I am often asked “What pictures should I take?” If you are taking new photos of
1. Take as many photos as you feel will capture your pet’s personality. Try to focus
as closely as possible on the pet, itself, rather than including the surrounding
atmosphere. This will provide details of your pet that would otherwise not be seen.
It is important that the photos be as clear as possible.
2. Lighting is very important. Side lighting is the most dramatic. While full front
lighting is acceptable (using a flash) it often “flattens” out the image. If possible,
natural daylight is ideal providing that it is bright enough to portray colors accurately.
3. Looking down on your pet is not the best angle. Try, instead, to place the camera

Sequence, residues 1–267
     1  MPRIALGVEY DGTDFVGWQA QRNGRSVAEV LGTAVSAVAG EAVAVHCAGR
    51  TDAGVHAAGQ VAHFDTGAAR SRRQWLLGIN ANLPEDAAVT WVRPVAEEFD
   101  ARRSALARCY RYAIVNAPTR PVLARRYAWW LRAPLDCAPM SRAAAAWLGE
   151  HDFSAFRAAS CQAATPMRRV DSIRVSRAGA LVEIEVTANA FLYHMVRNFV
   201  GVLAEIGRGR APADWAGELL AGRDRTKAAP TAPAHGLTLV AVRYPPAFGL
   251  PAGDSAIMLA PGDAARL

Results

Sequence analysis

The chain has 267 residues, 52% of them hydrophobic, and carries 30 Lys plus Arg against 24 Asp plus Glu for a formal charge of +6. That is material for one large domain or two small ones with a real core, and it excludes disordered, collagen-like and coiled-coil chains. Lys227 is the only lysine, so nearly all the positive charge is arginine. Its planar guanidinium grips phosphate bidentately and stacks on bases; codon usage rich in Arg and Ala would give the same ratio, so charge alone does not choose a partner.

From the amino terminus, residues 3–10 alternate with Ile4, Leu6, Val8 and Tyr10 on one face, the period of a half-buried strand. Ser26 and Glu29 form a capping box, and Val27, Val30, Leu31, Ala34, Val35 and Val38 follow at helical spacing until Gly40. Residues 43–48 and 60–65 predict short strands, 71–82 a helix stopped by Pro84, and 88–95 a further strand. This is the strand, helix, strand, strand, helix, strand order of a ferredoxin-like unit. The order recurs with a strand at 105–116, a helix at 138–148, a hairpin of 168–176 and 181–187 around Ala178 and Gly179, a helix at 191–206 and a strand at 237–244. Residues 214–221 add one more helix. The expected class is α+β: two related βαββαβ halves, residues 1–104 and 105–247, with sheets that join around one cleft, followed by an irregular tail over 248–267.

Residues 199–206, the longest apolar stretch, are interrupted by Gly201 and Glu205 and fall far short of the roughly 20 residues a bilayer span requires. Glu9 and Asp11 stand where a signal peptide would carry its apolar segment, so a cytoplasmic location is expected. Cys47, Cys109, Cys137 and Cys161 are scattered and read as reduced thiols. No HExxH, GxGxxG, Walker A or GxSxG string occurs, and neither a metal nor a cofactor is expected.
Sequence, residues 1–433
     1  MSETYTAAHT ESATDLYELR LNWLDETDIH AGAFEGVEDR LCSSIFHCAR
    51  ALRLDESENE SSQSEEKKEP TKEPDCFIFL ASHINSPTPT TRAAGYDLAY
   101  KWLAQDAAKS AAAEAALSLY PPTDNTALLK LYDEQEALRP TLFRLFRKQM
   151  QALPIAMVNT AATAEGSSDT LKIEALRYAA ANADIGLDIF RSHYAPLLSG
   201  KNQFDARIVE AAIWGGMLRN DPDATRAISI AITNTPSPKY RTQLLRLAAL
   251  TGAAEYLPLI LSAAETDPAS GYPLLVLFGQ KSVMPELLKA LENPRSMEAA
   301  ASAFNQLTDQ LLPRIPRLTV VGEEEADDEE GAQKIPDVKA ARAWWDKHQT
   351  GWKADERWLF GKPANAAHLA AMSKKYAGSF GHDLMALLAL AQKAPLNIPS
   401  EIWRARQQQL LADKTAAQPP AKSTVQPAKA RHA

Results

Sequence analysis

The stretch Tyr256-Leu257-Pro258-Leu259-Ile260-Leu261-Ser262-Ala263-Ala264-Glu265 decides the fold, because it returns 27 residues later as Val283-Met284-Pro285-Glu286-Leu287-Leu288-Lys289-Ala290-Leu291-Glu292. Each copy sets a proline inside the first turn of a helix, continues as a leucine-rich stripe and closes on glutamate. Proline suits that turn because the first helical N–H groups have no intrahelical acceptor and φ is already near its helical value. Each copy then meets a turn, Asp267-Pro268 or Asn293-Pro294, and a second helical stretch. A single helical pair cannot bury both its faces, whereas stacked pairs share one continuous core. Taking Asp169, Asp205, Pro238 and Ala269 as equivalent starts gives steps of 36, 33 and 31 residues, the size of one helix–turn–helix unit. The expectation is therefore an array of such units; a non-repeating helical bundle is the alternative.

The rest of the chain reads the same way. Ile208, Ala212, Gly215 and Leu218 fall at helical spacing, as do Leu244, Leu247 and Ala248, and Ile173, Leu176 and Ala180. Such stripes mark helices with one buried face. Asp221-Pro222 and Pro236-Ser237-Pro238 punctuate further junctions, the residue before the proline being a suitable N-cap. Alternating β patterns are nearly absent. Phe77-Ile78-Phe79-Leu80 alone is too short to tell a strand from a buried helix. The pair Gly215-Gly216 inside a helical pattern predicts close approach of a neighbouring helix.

on a level similar to your pet. I would like to look into his or her eyes at their
4. Do not worry about “red eye”. I can take care of that but I will need to know
the real eye color if not provided by other photos.
5. All photos will be returned with the finished portrait. Not to worry.
When sending photos, whether new pictures or from your family album, please add notes
to them so that I can “see” what you see. Post-it notes work well for this. Notations
that say something such as “coat color is good here”, “remove collar”, “use ear set
on photo B instead”, etc.
Remember that the quality of the finished portrait and the quality of the reference
photographs go hand-in-hand.
Digital photography has its advantages in that images can be sent to me as attachments
to email messages. I have had success with this method but reserve the need to review
all photos for their clarity and color accuracy.
Please note that all images on this site may not be reproduced without written permission.